In case you hadn’t heard: besides getting healthy local food on your child’s school lunch plate, the farm-to-school movement is now reaching cafeterias of all kinds! Colleges, pre-schools, prisons, hospitals—food activists around the country are working with local growers to connect the dots in our food economy.
Elias Crim, NWI Food Council board member, had the opportunity to attend this excellent biennial event, hosted by the National Farm to School Network. It brought together a diverse group of food service professionals, farmers, educators, students, representatives from nonprofits and government agencies, public health professionals and more for three days of learning, networking and movement building. Interestingly, the mood was more like that of a political movement than a professional conference!
Keynote speakers included Rodney K. Taylor (a pioneer for establishing the “Farmers’ Market Salad Bars” in California schools—back in 1997!) and Haile Thomas (17-year old speaker, health activist, and Food Network chef).
The many workshops covered topics such as:
Integrating Classrooms, Gardens and Cafeterias
Equity and Access in the School Garden Movement
Farm (Bill) to Cafeteria: Advocating for Change
Racial Equity in Farm to School
Evaluating Farm to School Activities
New England Farm and Sea to Campus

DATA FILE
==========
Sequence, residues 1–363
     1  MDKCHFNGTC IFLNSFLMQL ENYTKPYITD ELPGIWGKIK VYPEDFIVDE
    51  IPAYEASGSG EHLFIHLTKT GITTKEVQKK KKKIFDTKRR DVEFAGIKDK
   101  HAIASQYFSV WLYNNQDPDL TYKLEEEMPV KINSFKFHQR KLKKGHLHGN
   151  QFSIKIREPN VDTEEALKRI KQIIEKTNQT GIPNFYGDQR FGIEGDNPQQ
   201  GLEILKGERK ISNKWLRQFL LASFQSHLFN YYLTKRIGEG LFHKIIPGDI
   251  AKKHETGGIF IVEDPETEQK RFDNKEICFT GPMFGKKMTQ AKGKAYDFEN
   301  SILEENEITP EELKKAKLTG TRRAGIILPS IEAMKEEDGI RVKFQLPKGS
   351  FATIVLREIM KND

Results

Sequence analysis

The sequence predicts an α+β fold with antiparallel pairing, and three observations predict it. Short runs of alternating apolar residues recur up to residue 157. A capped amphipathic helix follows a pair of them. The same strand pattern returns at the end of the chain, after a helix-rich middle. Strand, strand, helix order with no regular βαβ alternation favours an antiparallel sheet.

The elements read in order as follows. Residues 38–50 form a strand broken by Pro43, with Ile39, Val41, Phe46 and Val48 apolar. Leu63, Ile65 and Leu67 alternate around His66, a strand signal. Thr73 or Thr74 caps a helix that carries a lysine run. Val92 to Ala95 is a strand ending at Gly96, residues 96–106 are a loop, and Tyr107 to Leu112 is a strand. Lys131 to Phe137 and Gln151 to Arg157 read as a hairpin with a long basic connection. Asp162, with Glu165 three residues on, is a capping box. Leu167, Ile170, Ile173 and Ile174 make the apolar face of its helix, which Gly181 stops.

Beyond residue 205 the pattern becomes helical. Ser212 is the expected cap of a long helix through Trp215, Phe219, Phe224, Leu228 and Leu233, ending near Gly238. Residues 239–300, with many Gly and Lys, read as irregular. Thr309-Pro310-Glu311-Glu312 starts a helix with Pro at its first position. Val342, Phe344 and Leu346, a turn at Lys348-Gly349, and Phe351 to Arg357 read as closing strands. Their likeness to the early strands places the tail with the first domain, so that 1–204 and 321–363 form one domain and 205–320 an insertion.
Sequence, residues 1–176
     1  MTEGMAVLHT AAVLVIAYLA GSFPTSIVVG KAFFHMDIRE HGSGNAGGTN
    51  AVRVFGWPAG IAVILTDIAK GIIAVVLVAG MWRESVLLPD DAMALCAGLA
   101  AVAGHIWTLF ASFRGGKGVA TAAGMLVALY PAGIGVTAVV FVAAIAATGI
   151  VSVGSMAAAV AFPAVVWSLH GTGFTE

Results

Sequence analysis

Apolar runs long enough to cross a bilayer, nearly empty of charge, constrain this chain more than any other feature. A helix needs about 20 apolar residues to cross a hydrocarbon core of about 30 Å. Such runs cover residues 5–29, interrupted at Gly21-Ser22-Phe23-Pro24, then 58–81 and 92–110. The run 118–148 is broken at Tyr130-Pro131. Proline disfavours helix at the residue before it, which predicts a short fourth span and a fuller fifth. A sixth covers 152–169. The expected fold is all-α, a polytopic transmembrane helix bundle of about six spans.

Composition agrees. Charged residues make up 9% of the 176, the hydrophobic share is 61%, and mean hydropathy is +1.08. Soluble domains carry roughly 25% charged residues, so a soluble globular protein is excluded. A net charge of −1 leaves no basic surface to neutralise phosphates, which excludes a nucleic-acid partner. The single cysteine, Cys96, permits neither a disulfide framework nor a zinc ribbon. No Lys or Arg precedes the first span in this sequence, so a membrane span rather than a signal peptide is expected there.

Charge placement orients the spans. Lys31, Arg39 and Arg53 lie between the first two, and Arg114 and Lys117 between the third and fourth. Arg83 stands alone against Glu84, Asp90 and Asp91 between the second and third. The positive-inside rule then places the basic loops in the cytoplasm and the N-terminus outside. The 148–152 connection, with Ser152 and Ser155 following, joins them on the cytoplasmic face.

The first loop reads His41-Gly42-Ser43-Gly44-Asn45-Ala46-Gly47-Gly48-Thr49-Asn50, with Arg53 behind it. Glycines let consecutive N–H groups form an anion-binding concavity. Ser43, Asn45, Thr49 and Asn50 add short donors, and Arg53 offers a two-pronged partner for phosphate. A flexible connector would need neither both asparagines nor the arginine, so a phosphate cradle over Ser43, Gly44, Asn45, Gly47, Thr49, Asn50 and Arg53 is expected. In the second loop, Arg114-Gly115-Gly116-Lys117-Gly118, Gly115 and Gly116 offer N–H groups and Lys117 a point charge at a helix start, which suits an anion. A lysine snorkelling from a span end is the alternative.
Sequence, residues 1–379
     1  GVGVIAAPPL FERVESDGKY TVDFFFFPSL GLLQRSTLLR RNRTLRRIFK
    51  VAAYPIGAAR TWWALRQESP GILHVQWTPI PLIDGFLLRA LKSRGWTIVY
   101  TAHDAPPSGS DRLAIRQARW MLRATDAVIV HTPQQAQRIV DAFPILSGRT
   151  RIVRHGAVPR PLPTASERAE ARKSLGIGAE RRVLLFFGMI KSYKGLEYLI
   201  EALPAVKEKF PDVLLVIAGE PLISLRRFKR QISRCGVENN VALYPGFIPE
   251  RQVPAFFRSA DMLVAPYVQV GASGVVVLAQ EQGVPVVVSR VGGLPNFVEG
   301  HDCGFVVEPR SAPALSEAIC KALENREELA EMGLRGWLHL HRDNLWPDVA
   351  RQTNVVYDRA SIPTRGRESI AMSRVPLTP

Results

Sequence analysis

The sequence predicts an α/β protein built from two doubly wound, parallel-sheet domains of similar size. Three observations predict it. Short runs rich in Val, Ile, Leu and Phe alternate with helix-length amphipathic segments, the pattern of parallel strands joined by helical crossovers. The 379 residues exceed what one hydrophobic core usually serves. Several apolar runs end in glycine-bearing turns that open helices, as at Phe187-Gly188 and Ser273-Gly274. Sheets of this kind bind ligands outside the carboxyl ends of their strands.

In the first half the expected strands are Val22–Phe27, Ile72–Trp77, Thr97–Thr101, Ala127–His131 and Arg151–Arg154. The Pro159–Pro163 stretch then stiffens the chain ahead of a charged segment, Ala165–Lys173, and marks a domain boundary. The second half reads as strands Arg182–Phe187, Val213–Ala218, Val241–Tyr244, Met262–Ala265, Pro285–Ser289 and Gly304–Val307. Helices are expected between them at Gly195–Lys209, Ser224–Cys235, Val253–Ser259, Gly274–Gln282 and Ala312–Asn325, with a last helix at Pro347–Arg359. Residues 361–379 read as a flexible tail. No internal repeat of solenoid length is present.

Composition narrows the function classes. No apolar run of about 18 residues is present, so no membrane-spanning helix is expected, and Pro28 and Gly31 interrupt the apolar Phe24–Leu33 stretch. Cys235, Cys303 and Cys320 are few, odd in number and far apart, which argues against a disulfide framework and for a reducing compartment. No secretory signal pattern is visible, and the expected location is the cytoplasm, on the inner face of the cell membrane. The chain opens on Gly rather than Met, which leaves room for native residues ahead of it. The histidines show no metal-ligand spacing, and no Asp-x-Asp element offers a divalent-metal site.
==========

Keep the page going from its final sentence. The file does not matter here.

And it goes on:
Traditional Agriculture in Native Communities
From our NWI area, Josh Craig, media specialist (and F2S activist) at Munster High School also attended. We hope to work with his school—which already has a F2S program underway--in our future NWIFC activities in this area.
The overall impact of these F2C programs is to support local agriculture, address inequities in the food system and foster a culture of food literacy in the community.
Nationally, according to the Farm to School Network, some 42,587 schools (about 42% of all U.S. public schools) now have F2S programs, with 23.6 million students engaged. These schools in 46 states are now spending $789 million on local food.
The latest Indiana Department of Education data indicate that 31% of our state’s schools have a farm-to-school program of some kind in place (many states are now well over 50%), with local food representing an average of 18% of the school lunch budget, and 29% of all Indiana schools now offering a school garden program. Lots more work to be done!
Written by Elias Crim